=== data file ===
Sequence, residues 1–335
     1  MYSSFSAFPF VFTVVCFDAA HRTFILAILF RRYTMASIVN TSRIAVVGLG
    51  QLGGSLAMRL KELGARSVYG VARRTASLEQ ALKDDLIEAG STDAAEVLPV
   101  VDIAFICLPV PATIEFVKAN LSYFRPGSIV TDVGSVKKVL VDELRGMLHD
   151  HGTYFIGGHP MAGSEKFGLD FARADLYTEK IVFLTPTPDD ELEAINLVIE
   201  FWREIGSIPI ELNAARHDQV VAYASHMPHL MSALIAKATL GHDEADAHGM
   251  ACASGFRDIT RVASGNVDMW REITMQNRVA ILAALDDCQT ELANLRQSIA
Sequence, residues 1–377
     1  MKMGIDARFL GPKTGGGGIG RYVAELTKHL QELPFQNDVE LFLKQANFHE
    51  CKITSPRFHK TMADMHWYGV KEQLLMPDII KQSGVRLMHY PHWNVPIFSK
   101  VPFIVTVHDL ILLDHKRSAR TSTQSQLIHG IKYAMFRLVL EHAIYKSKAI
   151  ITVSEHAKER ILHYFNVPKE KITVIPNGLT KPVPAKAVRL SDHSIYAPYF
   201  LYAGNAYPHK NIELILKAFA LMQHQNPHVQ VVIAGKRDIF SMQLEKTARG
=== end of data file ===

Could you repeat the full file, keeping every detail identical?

Sequence, residues 1–335
     1  MYSSFSAFPF VFTVVCFDAA HRTFILAILF RRYTMASIVN TSRIAVVGLG
    51  QLGGSLAMRL KELGARSVYG VARRTASLEQ ALKDDLIEAG STDAAEVLPV
   101  VDIAFICLPV PATIEFVKAN LSYFRPGSIV TDVGSVKKVL VDELRGMLHD
   151  HGTYFIGGHP MAGSEKFGLD FARADLYTEK IVFLTPTPDD ELEAINLVIE
   201  FWREIGSIPI ELNAARHDQV VAYASHMPHL MSALIAKATL GHDEADAHGM
   251  ACASGFRDIT RVASGNVDMW REITMQNRVA ILAALDDCQT ELANLRQSIA
Sequence, residues 1–377
     1  MKMGIDARFL GPKTGGGGIG RYVAELTKHL QELPFQNDVE LFLKQANFHE
    51  CKITSPRFHK TMADMHWYGV KEQLLMPDII KQSGVRLMHY PHWNVPIFSK
   101  VPFIVTVHDL ILLDHKRSAR TSTQSQLIHG IKYAMFRLVL EHAIYKSKAI
   151  ITVSEHAKER ILHYFNVPKE KITVIPNGLT KPVPAKAVRL SDHSIYAPYF
   201  LYAGNAYPHK NIELILKAFA LMQHQNPHVQ VVIAGKRDIF SMQLEKTARG